A recent investigative report—from an unlikely source—reveals a conclusion that rebukes popular narratives: the Democratic National Committee (DNC) was never ‘hacked’ by Russian interests. In fact, evidence points away from any outside interference, instead making a case that DNC electronic communications were leaked by one or more party employees.
An account published by The Nation makes the following arguments: First, a remote hack of Democratic National Committee servers is technically impossible by the present capacity of computer technology. Secondly, the documents and files leaked by Gucifer 2.0, the persona responsible for the leaks, do not stand up under scrutiny—they are forged for the purpose of arousing suspicions about Russian involvement in the 2016 presidential election. It bears notice that The Nation opposed the candidacy of the Republican victor, Donald J. Trump.
The primary source for this article—written by Patrick Lawrence—is an association of former intelligence personnel called Veteran Intelligence Professionals for Sanity (VIPS). Founded in 2003 to counter Bush Administration intelligence estimates regarding Iraqi weapons of mass destruction (WMD), VIPS is far from a right-wing or Republican group. In its mission to call out those who misrepresent intelligence findings, however, it is dedicated to clearing the public air with regard to “Russiagate” and alleged DNC “hacking.”
Of the current VIPS membership, four are focusing on this job: William Binney, a one-time technical chief at the National Security Agency who wrote many of the programs in use at the agency; Kirk Wiebe, who once served as a senior analyst to NSA’s signal intelligence unit; Edward Loomis, who previously managed signal processing for the NSA; and Ray McGovern, former chief of the Soviet Foreign Policy branch of the Central Intelligence Agency. All four conclude that if hard evidence of Russian hacking existed, the NSA would have it.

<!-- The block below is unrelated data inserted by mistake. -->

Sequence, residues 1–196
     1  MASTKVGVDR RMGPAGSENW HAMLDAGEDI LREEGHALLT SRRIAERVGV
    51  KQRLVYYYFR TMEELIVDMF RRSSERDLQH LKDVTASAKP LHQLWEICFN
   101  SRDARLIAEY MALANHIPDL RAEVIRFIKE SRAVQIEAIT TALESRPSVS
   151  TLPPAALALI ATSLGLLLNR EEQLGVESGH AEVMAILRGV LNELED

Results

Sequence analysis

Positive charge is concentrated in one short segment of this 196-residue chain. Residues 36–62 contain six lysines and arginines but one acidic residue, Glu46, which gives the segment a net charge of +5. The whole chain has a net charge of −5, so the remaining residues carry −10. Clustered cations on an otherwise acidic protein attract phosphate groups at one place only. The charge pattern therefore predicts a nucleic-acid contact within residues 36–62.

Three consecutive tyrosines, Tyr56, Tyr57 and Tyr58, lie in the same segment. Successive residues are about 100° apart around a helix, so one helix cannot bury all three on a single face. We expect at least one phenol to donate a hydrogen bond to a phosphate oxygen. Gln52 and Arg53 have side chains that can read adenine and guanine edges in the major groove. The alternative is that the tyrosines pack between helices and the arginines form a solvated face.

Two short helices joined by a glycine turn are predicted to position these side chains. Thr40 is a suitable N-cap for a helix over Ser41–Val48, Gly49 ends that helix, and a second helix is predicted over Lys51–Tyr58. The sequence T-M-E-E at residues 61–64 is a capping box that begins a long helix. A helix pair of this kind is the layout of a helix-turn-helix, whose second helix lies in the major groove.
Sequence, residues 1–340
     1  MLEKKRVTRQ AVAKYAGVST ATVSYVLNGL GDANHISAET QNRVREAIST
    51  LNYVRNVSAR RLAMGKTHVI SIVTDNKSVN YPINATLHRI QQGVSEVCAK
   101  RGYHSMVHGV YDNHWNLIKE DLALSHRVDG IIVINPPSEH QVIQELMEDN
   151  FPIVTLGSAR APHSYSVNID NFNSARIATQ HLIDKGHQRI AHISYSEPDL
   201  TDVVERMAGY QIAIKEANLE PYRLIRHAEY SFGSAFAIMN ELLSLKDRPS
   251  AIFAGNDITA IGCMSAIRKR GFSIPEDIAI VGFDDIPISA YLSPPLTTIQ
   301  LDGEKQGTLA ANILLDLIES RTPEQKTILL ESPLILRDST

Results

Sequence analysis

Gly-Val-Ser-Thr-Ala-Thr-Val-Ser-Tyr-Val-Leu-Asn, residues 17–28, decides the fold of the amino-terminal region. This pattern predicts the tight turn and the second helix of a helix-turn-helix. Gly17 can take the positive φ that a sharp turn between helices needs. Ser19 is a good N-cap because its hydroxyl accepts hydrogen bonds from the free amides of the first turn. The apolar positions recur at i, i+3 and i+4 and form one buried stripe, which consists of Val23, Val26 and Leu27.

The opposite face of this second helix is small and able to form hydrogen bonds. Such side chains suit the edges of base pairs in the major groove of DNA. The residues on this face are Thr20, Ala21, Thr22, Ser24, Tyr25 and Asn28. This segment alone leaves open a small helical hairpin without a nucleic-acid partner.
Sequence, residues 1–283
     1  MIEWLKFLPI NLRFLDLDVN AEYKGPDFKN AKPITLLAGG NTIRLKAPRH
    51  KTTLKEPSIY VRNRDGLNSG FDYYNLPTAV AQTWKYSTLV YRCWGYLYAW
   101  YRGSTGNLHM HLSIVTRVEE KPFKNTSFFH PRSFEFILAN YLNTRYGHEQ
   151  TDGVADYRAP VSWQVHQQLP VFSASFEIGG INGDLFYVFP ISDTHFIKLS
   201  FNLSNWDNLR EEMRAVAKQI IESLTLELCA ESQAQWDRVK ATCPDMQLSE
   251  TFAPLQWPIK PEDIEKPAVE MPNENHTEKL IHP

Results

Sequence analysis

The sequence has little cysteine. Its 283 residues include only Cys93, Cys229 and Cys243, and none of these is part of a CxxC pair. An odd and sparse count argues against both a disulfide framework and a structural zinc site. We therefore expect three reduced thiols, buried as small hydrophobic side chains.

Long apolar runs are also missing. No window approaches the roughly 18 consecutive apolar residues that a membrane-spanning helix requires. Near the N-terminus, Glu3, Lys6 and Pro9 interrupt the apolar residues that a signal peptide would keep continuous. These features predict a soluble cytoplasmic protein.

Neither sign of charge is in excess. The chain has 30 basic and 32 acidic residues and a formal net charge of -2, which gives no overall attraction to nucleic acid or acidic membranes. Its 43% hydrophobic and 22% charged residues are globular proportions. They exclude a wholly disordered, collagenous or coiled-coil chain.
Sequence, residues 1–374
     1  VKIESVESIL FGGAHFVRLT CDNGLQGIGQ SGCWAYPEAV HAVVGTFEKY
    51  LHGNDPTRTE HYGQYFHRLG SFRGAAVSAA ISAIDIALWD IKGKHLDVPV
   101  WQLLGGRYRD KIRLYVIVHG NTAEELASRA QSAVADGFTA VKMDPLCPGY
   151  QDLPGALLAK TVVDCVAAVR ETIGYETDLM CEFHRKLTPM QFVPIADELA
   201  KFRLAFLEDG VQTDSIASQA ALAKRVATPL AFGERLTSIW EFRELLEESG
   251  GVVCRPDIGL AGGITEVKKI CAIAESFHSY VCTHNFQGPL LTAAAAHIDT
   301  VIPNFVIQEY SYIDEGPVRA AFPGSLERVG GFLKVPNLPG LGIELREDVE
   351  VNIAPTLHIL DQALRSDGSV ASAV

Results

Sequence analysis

Of the evidence used to bolster Russian hacking claims, VIPS makes it clear that the tempo of downloading from DNC servers is inconsistent with the ability of external internet service providers:
“On the evening of July 5, 2016, 1,976 megabytes of data were downloaded from the DNC’s server. The operation took 87 seconds. This yields a transfer rate of 22.7 megabytes per second…No Internet service provider, such as a hacker would have had to use in mid-2016, was capable of downloading data at this speed.”
A more realistic speed would be about 16 megabytes per second, according to former IBM program manager Skip Folden, who further notes that 22.7 megabytes per second is doable by using a USB drive to download the files directly. Only DNC staffers have such physical access. Furthermore, Folden demonstrates the shoddy way in which surface metadata conceals deliberate misdirection toward Russian interference.
The ideological leanings of the hacking theory’s strongest advocates; the fact that the FBI has not examined the DNC servers; and the reality of three “hand-picked” analysts representing a 17-agency consensus casts further doubt on an already crumbling accusation that Russia hacked the DNC.